1921 - 1924 Victor Acoustic Recordings of Wagner by
Leopold Stokowski and the Philadelphia Orchestra
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Leopold Stokowski - Philadelphia Orchestra Wagner Acoustic Recordings
of 1921 and 1924
Richard Wagner (1813 - 1883)
Stokowski's Love of Wagner
Wagner was a feature of Stokowski's concerts and particularly
of his recordings, from the Rienzi Overture recording of 1919
until his 1974 recording of Dawn and Siegfried's Rhine
Journey from die Götterdämmerung. Many of Stokowski’s
acoustic efforts to record Wagner were unsuccessful. In
fact, their first effort to record the Tannhauser
Overture was in May, 1919 at the time of the successful
Rienzi Overture recording.
Then in both November and December, 1922
in Camden, Stokowski and the Philadelphia Orchestra
tried unsuccessfully to record the finale of
Götterdämmerung. Interestingly, this is the same
Stokowski’s final Wagner recording in November, 1974
with the London Symphony Orchestra (although of course
the acoustic side would have been heavily cut).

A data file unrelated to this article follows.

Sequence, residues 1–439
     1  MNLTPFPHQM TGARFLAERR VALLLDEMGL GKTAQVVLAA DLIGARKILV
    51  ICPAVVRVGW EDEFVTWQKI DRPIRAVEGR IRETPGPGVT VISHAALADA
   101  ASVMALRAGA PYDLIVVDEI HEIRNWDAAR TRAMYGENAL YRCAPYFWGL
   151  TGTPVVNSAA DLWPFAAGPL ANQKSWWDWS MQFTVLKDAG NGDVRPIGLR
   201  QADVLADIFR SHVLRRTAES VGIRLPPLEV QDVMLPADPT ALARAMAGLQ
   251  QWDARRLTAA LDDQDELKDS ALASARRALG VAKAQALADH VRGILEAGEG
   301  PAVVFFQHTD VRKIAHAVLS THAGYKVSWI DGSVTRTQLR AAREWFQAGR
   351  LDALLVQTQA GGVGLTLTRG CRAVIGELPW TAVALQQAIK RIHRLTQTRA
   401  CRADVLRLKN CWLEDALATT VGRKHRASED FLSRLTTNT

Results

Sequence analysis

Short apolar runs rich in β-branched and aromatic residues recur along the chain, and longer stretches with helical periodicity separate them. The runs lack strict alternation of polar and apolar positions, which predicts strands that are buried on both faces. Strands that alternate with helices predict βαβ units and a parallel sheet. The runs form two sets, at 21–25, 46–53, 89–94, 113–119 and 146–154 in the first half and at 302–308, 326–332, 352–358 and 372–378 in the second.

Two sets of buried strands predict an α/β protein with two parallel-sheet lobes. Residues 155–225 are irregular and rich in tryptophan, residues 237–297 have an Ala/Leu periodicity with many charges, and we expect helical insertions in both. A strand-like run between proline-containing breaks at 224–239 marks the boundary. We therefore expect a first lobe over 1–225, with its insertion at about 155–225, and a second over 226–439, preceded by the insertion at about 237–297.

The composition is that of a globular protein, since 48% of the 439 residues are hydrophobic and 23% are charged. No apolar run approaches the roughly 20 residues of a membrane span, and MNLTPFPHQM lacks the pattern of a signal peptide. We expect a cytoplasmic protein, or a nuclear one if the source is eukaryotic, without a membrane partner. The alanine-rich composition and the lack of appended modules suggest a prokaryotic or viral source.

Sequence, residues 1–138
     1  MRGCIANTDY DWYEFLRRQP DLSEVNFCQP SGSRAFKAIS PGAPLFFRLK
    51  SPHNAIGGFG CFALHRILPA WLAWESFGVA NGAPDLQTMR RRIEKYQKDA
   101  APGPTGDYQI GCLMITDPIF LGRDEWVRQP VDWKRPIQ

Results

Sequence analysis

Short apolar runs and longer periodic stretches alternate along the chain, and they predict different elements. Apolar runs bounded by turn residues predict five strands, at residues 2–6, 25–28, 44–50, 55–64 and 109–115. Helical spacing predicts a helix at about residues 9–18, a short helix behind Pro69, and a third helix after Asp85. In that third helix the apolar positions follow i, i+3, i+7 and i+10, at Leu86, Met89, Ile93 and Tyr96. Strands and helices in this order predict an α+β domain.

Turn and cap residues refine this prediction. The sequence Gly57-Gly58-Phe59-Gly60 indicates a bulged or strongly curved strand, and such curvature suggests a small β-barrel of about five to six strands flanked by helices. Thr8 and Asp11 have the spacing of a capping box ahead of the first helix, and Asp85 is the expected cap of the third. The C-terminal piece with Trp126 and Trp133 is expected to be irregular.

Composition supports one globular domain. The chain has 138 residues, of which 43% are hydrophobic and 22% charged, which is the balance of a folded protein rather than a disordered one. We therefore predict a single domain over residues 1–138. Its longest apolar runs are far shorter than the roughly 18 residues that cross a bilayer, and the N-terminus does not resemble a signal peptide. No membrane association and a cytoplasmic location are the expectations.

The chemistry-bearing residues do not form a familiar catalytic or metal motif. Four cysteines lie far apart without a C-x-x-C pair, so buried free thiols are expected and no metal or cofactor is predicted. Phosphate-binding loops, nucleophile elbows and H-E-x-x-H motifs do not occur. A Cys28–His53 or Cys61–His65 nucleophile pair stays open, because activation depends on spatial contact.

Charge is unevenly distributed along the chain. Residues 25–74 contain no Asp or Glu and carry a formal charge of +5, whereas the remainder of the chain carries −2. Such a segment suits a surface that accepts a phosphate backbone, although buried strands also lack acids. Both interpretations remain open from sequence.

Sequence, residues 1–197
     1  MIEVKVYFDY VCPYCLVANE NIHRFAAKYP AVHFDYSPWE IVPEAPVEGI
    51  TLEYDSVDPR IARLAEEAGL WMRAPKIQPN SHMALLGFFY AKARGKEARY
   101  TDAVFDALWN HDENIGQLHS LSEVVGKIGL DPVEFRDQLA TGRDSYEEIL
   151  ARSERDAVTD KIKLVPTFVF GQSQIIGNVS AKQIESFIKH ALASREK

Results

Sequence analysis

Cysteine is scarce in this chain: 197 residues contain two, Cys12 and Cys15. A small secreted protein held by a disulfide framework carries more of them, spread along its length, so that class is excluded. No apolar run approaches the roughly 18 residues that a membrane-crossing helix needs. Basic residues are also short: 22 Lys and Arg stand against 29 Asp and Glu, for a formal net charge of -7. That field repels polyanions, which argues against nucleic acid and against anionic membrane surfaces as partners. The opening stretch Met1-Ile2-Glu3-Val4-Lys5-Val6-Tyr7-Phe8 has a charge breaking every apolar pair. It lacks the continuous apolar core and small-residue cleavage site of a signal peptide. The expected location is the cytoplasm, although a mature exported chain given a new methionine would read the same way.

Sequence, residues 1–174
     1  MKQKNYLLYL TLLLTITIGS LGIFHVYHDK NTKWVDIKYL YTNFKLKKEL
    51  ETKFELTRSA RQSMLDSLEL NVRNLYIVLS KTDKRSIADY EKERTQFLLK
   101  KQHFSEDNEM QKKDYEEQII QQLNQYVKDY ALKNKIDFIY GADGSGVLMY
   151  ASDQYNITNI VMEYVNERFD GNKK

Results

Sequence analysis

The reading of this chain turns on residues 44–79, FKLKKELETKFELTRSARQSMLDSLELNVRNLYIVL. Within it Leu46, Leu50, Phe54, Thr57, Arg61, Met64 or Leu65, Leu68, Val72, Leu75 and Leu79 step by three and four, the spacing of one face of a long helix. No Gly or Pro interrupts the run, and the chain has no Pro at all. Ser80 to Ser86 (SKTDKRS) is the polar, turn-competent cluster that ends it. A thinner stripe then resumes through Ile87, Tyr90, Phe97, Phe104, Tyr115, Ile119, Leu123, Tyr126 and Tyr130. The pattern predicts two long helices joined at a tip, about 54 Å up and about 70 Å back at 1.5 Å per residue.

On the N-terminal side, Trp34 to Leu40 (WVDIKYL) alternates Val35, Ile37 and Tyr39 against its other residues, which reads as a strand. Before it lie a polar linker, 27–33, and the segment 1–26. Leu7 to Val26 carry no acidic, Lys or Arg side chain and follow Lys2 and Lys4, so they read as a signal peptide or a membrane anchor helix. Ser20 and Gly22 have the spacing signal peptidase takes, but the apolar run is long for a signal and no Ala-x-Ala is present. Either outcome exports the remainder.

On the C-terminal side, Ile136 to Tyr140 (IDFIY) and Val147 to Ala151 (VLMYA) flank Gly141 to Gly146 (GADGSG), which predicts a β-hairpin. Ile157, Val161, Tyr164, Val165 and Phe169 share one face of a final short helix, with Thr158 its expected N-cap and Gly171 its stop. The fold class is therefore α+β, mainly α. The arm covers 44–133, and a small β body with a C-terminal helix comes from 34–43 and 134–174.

This had followed
equally unsuccessful recordings of the Lohengrin Prelude
Act I in April, 1922. In May, 1923, Stokowski and the
Philadelphia Orchestra attempted the Transformation
Music from Parsifal, which is the theme of Parsifal's
arrival at the Holy Grail from the end of Act 1.
This is music of such delicacy that it is
not surprising that the result was judged
unsatisfactory. This is a loss, since Stokowski
did not record this Parsifal Act 1 music later,
commercially, although the same theme occurs in Act 3,
which he did record.
Speaking of the Parsifal Transformation Music, there is
a fine performance of this music by Fritz Reiner and the
Philadelphia Orchestra from 1931. This was
captured by the Bell Laboratories experimental
recordings (described in
Leopold Stokowski, Dr. Harvey
Fletcher and the Bell Laboratories Experimental
Recordings) captured live from a November
28, 1931 concert.
Given this early recording date, this is the earliest surviving
Fritz Reiner recording yet issued. The performance is
included in the Philadelphia Orchestra - The
Centennial Collection Historic Broadcasts and Recordings
1917 - 1998 issued by the Philadelphia
The Wagner which Stokowski did successfully record
acoustically remains for me both successful and moving,
as living performances, and not just curiosities from a
distant past. Have a listen to them.
Wagner - Rienzi Overture
The first successful Stokowski Wagner recording was also
the Philadelphia Orchestra's first recording of a work
over more than one side. This was the Rienzi Overture,
recorded May 8, 1919 and issued on two 12 inch Victor
Red Seal disks 74602 and 74603, matrix numbers C-22815-3
and C-22816-3. At this time, Victor did not
release Red Seal recordings on double sided disks.
This is a spirited and generally fine sounding recording, remarkable